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  • Writer's pictureCJ Turner

The Gentle Nature of the Honey Bee

When people find out I work with bees, they often ask "HOW ARE YOU NOT AFRAID?!?!" And while there are definitely times where I have ran away from a hive when I heard/felt a bee buzzing in my hair, my experience with honey bees has been actually relaxing and peaceful.

Honey bees are special in that they can only sting once. When they choose to sting you, they are making the choice to die. Bees generally only sting when they feel they individually, or the hive, is in danger. In fact, I spend most of my weekend mornings sitting next to the hive, having coffee, talking to the bees (I know it sounds weird, but if you have bees you understand), and watching them do what they do best.

There are times when a hive is more aggressive, especially during the fall and winter months as they are desperately trying to protect their hive and honey, but more often than not they are so focused on collecting pollen and nectar that they do not care that a giant human is observing them.

*I think this goes without saying, but if you are allergic to bees, please do not do this*

While I am not as brave as some, and choose to wear complete protective gear (A bee suit, & leather gloves) there are individuals that will actually not use protective gear when dealing with honey bees.

In the above pictures case, @texasbeeworks is working with a swarm of bees, which are almost always very calm, as they are not trying to protect their honey. However, when you are opening up a hive of bees, or want to avoid bees, there are things you can do to prevent being stung.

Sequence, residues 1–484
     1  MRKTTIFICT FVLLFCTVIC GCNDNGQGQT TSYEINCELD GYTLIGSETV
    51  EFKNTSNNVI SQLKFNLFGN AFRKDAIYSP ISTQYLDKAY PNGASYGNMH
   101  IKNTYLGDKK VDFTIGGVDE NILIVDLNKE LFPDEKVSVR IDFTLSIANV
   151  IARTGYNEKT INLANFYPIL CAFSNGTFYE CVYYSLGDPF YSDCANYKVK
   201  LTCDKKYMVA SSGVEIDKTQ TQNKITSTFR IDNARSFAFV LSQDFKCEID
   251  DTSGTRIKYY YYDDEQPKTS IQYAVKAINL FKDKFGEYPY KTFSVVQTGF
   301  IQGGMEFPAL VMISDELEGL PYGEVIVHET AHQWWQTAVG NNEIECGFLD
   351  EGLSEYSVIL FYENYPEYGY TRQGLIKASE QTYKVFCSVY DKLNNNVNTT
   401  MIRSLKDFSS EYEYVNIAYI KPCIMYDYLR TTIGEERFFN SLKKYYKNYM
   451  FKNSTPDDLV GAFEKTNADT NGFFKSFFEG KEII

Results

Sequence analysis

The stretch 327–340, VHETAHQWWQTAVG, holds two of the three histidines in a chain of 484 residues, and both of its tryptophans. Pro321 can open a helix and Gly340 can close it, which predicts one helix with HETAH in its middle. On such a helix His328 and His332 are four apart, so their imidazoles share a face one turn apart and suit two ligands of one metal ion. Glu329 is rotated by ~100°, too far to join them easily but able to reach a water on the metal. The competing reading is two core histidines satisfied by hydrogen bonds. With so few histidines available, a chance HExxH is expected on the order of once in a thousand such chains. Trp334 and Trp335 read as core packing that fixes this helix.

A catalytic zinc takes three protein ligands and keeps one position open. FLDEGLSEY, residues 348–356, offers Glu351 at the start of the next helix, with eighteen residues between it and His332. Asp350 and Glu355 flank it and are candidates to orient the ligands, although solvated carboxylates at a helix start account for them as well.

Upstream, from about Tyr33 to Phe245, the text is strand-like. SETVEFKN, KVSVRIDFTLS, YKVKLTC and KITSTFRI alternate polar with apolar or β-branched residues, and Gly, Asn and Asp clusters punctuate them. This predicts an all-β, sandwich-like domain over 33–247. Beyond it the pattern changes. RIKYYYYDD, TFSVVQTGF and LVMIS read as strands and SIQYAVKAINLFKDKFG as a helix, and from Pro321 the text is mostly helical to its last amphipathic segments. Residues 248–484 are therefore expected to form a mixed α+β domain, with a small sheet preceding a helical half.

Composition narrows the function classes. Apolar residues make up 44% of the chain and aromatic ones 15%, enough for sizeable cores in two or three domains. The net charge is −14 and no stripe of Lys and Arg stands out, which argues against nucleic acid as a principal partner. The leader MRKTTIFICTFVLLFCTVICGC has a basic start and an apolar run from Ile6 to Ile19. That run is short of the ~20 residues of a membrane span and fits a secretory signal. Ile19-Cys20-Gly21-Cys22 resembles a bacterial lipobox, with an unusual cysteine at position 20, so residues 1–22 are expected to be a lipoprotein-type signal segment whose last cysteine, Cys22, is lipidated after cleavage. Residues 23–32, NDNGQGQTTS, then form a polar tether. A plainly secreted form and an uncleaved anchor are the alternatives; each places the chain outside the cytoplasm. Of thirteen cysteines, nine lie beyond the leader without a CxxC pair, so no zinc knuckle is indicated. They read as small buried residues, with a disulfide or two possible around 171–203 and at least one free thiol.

Preventing Unwanted Bee Encounters

Wear bright colored clothes. Bees see dark colors as threatening, which is why beekeeping protective gear is often white, or in my case a pale pink.

Use a Smoker. "Smoking a beehive" which essentially means blowing smoke onto the openings of the hive before opening it, prevents the bees from releasing their alarm pheromone sot they are unlikely to become aggressive.

Avoid Sweet Smelling Perfumes. Bees will be attracted to anything that smells like a flower, and they will think you are a beautiful flower ready to be pollinated, which is probably not your goal.

If you are eating outside (especially sweet food) be prepared to see a bee or two. Again, bees are attracted to sweet smelling things, especially late in the summer when they are trying to find the last bits of honey and nectar before the flow stops.

So next time you see a honey bee. Do not try to swat them away. They will see it as a threat and potentially sting you. Instead maybe say a little thank you for all the hard work they put in to keep our world turning.

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